A lot of cooks are producing a thin diplomatic and economic gruel, as the questions go back and forth between the U.S. ambassador in Kabul, Karl W. Eikenberry, who once was the military commander in Afghanistan, and "special envoy" for "AfPak" Richard C. Holbrooke, usually airborne; Deputy Secretaries of State James B. Steinberg and Jacob J. Lew; Secretary of State Hillary Rodham Clinton, also frequently airborne; and Eikenberry's four deputies, who also hold the rank of ambassador.
CYA appears to be the operative acronym that holds it all together.
With the embassy in Kabul soon to be the largest in the world, displacing Baghdad, and a staff of more than 1,000 diplomats and officials gathered from a dozen U.S. government agencies, plus a security detail of another thousand, economic planning for a country in the midst of a guerrilla war is difficult under the best of circumstances.
Defeated Germany and Japan in 1945 were tabula rasa. In Afghanistan, there is no clean slate. Also, a plethora of players with different agendas have coaxed Eikenberry into a defensive crouch.
On July 22, the commander-turned-ambassador peppered his superiors in Washington with a barrage of questions on which he knows there is no consensus among the powers that be.
"We would like to begin a discussion with Washington," said Eikenberry's e-mail, "designed to refine our thinking about the current status of our civilian uplift, our ability to sustain civilian presence in Afghanistan, and our vision for the coming years. Changes on the ground will demand flexibility on the part of both Washington and the field and even greater attention to integrated [civilian-military] operations."
And this is the ninth year of the Afghan war.
Eikenberry kicked the can of "civilian uplift" down the rutted Afghan highway one more time when he said, "We believe it would be useful to re-examine as close as we could come to the entire stock of questions or issues that have been raised in Washington, Kabul, and the field."
Meanwhile, the "civilian uplift" personnel buildup continues to mount. By July 10, 1,146 American civilians had been deployed. But Eikenberry then asked, "What is the right number for our mission and do we have in place the right kind of metrics to self-evaluate and course correct?"
If he doesn't know, maybe someone on Holbrooke's staff of 60-plus in Foggy Bottom can come up with an educated guestimate.
Among the 12 pages of questions, a bobbing and weaving Eikenberry conveyed the impression — presumably inadvertently — that he didn't have any answers for the questions he posed.
"Are we doing an adequate job of identifying personnel who are not able to accomplish their civilian tasks due to deteriorating security environments and are we able to identify adroitly new temporary duties for such officers?”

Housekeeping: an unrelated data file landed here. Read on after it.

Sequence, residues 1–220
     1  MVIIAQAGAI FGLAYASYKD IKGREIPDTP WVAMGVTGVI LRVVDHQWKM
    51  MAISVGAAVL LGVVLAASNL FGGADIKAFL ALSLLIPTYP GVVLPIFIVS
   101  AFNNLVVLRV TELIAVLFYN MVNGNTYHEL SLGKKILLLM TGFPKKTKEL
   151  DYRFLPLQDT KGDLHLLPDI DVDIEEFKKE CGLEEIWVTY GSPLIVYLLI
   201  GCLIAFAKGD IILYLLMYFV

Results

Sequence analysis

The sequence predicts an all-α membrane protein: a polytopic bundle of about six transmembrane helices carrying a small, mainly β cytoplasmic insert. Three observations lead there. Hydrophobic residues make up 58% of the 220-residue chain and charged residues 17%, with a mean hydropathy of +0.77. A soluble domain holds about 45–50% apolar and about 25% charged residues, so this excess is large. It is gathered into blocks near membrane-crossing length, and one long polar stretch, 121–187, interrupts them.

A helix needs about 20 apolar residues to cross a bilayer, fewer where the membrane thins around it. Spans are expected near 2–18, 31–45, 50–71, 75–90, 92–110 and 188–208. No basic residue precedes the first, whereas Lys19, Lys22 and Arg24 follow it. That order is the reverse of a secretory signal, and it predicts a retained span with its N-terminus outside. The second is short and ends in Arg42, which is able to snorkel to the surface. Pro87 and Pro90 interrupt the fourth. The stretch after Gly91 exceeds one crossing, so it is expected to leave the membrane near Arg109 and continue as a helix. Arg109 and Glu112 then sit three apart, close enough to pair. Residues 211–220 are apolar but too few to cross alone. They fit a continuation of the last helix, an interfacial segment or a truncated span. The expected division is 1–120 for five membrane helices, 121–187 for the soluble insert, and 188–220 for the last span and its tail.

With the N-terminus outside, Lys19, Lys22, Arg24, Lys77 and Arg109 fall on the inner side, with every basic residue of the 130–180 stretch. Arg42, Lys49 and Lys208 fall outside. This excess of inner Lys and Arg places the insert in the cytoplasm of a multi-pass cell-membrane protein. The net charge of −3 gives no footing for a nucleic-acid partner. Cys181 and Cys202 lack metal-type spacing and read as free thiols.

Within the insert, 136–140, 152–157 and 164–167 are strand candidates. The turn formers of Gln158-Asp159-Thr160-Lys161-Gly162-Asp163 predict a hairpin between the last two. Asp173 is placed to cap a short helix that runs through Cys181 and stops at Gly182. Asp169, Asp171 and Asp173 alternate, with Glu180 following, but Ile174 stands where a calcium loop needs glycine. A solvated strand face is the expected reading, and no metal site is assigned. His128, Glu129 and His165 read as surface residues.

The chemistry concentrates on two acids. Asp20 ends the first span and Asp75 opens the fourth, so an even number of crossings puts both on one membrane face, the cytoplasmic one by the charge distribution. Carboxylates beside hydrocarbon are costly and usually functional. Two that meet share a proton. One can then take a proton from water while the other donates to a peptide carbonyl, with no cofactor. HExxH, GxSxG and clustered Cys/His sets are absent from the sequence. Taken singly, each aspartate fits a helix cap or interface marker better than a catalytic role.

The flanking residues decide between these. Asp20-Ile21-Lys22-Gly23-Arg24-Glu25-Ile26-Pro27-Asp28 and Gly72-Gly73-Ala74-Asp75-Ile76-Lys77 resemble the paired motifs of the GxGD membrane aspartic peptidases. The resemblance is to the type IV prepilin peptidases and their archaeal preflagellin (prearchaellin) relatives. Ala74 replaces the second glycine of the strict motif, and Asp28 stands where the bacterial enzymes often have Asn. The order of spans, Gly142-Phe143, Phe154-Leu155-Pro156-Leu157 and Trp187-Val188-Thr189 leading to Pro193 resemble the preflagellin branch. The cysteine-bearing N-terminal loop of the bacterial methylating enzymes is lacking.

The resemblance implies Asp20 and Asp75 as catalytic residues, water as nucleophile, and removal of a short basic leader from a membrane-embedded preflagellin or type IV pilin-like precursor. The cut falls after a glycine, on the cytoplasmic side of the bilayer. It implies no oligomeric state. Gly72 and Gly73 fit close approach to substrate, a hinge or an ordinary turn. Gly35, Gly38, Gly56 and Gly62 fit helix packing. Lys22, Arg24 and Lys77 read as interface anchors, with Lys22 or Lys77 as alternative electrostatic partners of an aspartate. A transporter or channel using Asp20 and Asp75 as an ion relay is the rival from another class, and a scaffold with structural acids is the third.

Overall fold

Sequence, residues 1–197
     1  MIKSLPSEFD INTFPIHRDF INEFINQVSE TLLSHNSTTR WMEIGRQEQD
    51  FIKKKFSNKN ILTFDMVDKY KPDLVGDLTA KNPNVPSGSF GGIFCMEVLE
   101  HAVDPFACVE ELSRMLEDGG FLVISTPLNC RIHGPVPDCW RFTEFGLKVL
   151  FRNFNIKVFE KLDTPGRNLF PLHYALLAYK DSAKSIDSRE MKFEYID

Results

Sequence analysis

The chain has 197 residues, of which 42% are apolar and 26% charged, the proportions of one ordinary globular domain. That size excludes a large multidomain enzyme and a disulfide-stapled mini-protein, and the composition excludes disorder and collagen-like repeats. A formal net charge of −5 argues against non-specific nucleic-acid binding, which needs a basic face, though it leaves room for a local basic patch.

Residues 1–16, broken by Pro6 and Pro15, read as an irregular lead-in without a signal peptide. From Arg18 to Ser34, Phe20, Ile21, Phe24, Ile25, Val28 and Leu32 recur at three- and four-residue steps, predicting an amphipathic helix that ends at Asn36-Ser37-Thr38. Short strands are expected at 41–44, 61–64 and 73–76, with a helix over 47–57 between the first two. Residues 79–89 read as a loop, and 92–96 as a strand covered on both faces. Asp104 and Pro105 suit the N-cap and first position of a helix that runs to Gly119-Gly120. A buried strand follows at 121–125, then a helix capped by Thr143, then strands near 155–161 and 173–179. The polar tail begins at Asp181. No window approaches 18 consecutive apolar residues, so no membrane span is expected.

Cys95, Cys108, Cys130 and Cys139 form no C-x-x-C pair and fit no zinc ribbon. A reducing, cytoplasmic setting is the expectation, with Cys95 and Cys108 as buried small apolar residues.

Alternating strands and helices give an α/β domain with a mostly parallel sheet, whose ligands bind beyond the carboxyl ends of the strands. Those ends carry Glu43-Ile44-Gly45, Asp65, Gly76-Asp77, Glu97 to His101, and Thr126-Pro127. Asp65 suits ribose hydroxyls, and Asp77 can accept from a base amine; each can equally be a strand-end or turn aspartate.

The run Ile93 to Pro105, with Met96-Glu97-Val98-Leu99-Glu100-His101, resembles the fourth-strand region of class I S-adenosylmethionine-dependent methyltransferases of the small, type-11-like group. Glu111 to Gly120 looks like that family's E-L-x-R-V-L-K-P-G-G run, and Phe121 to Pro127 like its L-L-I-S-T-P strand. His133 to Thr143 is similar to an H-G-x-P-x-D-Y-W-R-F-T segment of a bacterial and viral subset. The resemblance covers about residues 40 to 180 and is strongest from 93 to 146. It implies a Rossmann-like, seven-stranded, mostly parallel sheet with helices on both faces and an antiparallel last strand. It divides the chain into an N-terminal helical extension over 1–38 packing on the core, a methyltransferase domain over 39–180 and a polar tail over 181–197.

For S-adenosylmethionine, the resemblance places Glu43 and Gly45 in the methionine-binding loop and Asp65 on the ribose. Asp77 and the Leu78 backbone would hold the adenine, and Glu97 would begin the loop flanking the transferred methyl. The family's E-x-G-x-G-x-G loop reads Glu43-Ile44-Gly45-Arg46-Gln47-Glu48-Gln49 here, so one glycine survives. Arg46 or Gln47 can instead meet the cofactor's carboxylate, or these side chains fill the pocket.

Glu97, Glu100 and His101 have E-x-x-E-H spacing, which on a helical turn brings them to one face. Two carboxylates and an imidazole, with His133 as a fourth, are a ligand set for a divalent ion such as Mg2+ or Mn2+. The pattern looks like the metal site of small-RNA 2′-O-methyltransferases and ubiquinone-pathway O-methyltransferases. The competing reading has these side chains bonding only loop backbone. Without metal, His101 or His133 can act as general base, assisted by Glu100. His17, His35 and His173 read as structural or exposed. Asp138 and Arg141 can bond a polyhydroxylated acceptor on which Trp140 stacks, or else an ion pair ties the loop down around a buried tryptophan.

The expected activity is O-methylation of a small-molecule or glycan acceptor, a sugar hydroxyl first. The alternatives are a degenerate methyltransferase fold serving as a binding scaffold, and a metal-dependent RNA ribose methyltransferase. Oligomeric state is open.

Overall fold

Passing the buck was the common thread of scores of questions that normally should have been followed with suggested answers for the interagency meetings in Washington, to wit: "If we have to pull teams back from the field to Kabul in the event of prolonged security threats in the months ahead, can we house them and put them to work here, or should they be redeployed to Washington or elsewhere?"
If they volunteered for dangerous duty in Afghanistan, why would they want to be shipped home because of a prolonged security threat? Should there be a distinction between more dangerous and less dangerous field posts, with commensurate differences in incentives?
Eikenberry presumably knows that what is less dangerous one week can be more dangerous the following week.
The most urgent civilian problem is the billions salted away by contractors who get paid for work not done or abandoned half-done. During the past three years, almost $20 billion in aid was delivered to Afghanistan, but the government had control over only $1 billion in return for total transparency.
But as Omar Zakhilwal, Afghanistan's finance minister, pointed out in a letter to U.S. Rep. Nita Lowey, D-N.Y., "full transparency and effectiveness principles" are not applied to the aid donors and their contractors spend directly.
Lowey held up $4 billion in aid to Afghanistan pending a thorough investigation of corruption on all sides — Afghan, United States, and individual NATO countries.
Vast amounts of money exit Kabul International Airport on several daily flights to Dubai and Abu Dhabi — all legally declared and authorized. During the past three years $4.2 billion has been transferred in cash on outward-bound flights, Zakhilwal said.
One strategically placed U.S. official confided privately, "The U.S. does not have the ability to manage the oversight needed to coordinate the efforts of over 1,000 civilian 'generalists' and 'specialists' with either the NATO forces or the Afghan government. Nor can we oversee the 100,000-plus contractors running around the country eating our lunch."
Taliban's strongest weapon is corruption on the government side. Holbrooke describes it as a "malignancy" that could destroy everything the United States and its allies are trying to achieve but have little to show for it after nine years.
Gen. David Petraeus says inadequate governance, corruption and abuse of power are the Taliban's best recruiters.
After spending $345 billion, said this same American official, "we still do not have an Afghan government that can sustain itself."
Each new strategy is given a catchy acronym. The latest is Civilian Uplift and Surge Taskforce for Economic Rehab, which translates to the operative acronym of CUSTER.
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